The “Tee Wakącąk: Spirit Lake” mural combines the Ho-Chunk story on the origin of Spirit Lake — the tribe’s name for what European settlers renamed Devil’s Lake — as told to Tallmadge Sainz by her grandfather, with other elements from tribal lore and local wildlife, including two cranes. The landscape was inspired by a photograph of the lake by Baraboo’s Derrick Mayoleth, Tallmadge Sainz said.

The thunderbird’s wingspan stretches across three panels, covering much of the sky, because the entities are understood to be giants according to clan knowledge, she said. According to her narrative, the mixed media mural depicts a battle between the thunderbird and underwater spirits, also known as underwater panthers, in which the bird cast its eggs, shown as copper foil thunderbolts, down on the spirits. Some of the eggs crashed into the bluffs, causing boulders to tumble down, which the spirits threw back at the thunderbird. The bird ultimately prevailed, according to the story.

Amy Trannel, the school’s new principal, thanked the artist team and others who contributed to the installation in a statement through a district spokesperson Friday.

“It is an honor to have the Tee wakącąk art installation at Jack Young Middle School,” she said. “The Thunderbird symbolizes strength, power, and resilience, and our students and staff will see that when they enter the building each day.”

Tallmadge Sainz collaborated with her husband, master carpenter Felix Sainz Jr., Milwaukee artists Muneer Bahauddeen and Martina Patterson — part of the Rural Urban FLOW artist coalition — and local high school student Val Vasquez, a Ho-Chunk member, on the mural. They’ve been working on it nearly every day since June 1, she said.

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Artist Martina Patterson, Milwaukee, smiles with lead artist Melanie Tallmadge Sainz, left, Wisconsin Dells, after the “Tee Wakącąk: Spirit Lake” mural was installed Friday at Jack Young Middle School in Baraboo. The school district commissioned the Little Eagle Arts Foundation, founded and directed by Tallmadge Sainz, to create the art piece.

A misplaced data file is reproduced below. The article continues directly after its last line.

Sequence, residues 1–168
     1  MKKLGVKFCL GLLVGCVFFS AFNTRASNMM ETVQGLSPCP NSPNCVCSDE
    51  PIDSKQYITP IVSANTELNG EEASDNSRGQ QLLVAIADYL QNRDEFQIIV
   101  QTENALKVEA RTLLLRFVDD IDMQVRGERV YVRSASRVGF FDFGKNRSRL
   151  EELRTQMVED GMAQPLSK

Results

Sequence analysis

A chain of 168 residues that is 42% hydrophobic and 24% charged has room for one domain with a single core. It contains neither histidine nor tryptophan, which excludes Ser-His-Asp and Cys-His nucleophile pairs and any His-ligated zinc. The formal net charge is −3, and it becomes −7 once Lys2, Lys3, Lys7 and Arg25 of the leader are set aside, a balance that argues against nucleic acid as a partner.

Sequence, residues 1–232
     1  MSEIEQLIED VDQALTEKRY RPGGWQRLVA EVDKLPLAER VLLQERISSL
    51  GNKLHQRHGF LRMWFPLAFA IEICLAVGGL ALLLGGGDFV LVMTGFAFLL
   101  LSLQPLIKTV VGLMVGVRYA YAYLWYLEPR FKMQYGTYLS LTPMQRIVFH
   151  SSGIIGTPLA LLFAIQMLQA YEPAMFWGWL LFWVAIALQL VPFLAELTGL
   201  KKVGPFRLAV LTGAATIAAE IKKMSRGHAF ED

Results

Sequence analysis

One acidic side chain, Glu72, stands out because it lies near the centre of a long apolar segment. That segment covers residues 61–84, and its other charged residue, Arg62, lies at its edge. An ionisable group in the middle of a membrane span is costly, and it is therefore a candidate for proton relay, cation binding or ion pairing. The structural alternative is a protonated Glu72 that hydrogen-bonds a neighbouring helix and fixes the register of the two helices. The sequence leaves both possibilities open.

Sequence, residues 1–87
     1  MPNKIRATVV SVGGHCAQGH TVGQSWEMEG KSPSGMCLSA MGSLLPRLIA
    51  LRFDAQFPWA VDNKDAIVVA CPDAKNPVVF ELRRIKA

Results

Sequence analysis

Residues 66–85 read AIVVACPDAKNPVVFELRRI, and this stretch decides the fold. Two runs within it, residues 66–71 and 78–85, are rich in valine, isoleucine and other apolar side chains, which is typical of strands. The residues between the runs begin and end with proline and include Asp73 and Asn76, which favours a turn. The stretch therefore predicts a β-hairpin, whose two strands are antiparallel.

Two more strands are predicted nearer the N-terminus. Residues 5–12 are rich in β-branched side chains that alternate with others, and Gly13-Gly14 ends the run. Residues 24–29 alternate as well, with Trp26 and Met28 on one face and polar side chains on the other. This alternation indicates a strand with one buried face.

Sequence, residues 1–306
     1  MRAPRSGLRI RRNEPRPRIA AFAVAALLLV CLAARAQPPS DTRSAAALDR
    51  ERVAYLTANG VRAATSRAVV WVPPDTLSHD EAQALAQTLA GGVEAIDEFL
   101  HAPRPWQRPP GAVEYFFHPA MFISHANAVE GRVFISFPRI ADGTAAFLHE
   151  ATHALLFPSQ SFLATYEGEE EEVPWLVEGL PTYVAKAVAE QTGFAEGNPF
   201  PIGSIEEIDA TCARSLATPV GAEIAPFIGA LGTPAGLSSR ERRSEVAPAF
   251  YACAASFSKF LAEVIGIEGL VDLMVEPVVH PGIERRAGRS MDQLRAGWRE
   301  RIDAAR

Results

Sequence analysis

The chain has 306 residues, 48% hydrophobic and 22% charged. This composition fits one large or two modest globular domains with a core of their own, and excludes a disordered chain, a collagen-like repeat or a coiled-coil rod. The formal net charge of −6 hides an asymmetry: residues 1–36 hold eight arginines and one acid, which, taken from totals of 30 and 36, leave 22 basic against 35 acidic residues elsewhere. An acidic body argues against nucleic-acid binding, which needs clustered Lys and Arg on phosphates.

She said she’s grateful for public art commissions like “Tee Wakącąk” because Little Eagle Arts Foundation hasn’t been able to do the educational programs it typically would due to the COVID-19 pandemic. The middle school installation is LEAF’s second public art commission; its first was “Earth, Sky, Water,” installed on the Great Sauk Trail near the former Badger Army Ammunition Plant.

The artist said she appreciates Sauk County’s efforts to embrace the diversity of its community, such as Baraboo High School Principal Glenn Bildsten telling students about the connection between the thunderbird and the Ho-Chunk people and giving land acknowledgements.

“It really makes me happy because there’s a lot of diversity efforts that are really coming together and helping in terms of building community,” she said, “and art is a great way of building community. With LEAF, Little Eagle Arts Foundation, we love building bridges through the arts. There’s enough walls already that exist, so … I just feel really, really happy.”

Follow Susan Endres on Twitter @EndresSusan or call her at 745-3506.